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03 May 2018

AMA House was constructed throughout 1990 on a special 99-year lease block on the edge of what is known as the Parliamentary Triangle in Canberra.

The Parliamentary Triangle is the largely ceremonial precinct in the nation’s capital and straddles the part of Lake Burley Griffin where some of Australia’s most significant institutional buildings find their home on its banks.

The High Court, the National Gallery, the National Library, the National Science and Technology Centre (Questacon), the National Archives, the Treasury, Old Parliament House and, of course, Parliament House are all located in the Triangle – as is the Aboriginal Tent Embassy and Reconciliation Place.

Other Federal Government departments are also located either inside or close to the Triangle, with a smaller triangle within the precinct known as the Parliamentary Zone on the lake’s southern shore.

AMA House is located on the edges of the Triangle’s official boundary and within close walking distance to Parliament House.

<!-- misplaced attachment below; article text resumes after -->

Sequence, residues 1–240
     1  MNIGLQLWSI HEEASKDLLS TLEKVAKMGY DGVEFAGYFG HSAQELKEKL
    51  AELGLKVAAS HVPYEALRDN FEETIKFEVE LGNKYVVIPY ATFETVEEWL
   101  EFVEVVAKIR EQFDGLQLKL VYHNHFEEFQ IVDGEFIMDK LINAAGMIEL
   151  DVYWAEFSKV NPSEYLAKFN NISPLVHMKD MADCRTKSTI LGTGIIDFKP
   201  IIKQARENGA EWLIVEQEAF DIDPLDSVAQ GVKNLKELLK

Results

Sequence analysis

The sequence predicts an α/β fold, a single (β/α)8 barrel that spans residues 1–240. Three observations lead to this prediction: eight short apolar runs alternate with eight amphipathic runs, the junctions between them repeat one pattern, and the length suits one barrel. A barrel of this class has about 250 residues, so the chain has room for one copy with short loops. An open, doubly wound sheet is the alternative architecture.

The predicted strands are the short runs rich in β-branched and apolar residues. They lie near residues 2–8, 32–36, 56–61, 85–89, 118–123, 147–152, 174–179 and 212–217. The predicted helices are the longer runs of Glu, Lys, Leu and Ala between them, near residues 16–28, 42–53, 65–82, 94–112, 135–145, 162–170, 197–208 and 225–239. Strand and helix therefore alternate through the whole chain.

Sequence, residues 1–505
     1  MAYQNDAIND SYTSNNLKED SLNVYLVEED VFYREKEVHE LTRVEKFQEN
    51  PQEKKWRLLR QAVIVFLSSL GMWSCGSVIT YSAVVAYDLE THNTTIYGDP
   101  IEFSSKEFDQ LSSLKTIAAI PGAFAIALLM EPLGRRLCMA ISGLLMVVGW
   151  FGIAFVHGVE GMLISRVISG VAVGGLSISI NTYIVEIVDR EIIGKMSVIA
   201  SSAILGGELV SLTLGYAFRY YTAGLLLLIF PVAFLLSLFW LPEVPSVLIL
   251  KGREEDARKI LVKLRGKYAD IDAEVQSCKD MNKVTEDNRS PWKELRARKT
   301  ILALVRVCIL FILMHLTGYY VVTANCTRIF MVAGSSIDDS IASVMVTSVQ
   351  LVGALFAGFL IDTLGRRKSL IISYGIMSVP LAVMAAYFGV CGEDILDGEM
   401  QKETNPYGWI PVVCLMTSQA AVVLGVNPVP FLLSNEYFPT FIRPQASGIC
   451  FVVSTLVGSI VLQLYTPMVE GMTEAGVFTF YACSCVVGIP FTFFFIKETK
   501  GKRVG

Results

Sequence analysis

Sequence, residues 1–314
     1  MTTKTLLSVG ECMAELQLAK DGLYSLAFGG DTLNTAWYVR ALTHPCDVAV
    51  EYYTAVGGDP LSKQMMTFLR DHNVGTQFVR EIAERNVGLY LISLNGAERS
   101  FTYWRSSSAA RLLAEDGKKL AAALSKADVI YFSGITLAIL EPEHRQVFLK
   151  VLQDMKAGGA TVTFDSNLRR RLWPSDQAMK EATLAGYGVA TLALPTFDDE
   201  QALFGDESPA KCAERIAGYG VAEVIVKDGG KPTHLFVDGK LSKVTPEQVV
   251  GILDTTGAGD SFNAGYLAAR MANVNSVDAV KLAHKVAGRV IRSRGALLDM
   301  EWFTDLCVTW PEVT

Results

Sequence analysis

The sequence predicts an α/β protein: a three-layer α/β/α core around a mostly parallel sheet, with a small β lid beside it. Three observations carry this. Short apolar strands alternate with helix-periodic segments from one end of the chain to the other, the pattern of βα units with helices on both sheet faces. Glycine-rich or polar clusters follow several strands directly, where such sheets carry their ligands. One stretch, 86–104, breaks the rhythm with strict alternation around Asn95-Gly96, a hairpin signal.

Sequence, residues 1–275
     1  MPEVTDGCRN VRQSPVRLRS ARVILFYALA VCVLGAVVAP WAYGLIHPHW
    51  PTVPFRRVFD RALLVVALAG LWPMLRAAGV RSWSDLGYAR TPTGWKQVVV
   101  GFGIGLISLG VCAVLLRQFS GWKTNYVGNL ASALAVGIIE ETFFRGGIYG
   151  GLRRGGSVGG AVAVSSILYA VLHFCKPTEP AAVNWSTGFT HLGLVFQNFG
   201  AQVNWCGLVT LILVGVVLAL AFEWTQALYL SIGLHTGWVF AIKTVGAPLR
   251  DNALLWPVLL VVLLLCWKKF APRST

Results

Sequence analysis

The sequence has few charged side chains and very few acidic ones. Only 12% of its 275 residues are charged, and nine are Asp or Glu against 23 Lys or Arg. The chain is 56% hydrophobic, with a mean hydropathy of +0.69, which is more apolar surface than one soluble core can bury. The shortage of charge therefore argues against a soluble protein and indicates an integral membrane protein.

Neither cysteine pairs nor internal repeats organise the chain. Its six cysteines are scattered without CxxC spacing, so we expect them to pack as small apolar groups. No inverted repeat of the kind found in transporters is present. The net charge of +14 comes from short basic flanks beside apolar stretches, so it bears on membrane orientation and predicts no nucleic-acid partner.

It was a longstanding ambition of the AMA to have a national headquarters in Canberra.

The Federal Secretariat at that time had been working out of a building in Sydney owned since 1924 by the Australasian Medical Publishing Company (AMPCo, publisher of the MJA), but which was sold in 1989 to The University of Sydney.

During the construction period, Federal Secretariat staff occupied an office in Queanbeyan, on the NSW-ACT border just a few kilometres from where the organisation’s new home was being built.

During this period, the AMA also adopted a new national logo and launched a new national journal, Australian Medicine (this publication).

On March 7, 1991, AMA House was officially opened in Canberra by the highly esteemed biologist Professor Sir Gustav Nossal, who was also an AMA member.

At the time of its opening, Dr Bruce Shepherd was the AMA Federal President and Allan Passmore the Secretary General.

Once in its new home, the Federal Secretariat quickly created AMA departments with expertise in general practice, medical fees and medical insurance, public relations and communications, public health and hospital and health funding.

Staff for the most part were all located on the third and fourth (top) floors of the building.

In recent years, housing of staff was reduced exclusively to the fourth floor, with the third floor used for membership workshops and meetings of the Federal Council.

Offices were leased out to other organisations and businesses on the remaining floors.

With the sale of AMA House, the organisation retains naming rights and the exclusive lease of the fourth floor.


Pic: AMA House under construction. 



Published: 03 May 2018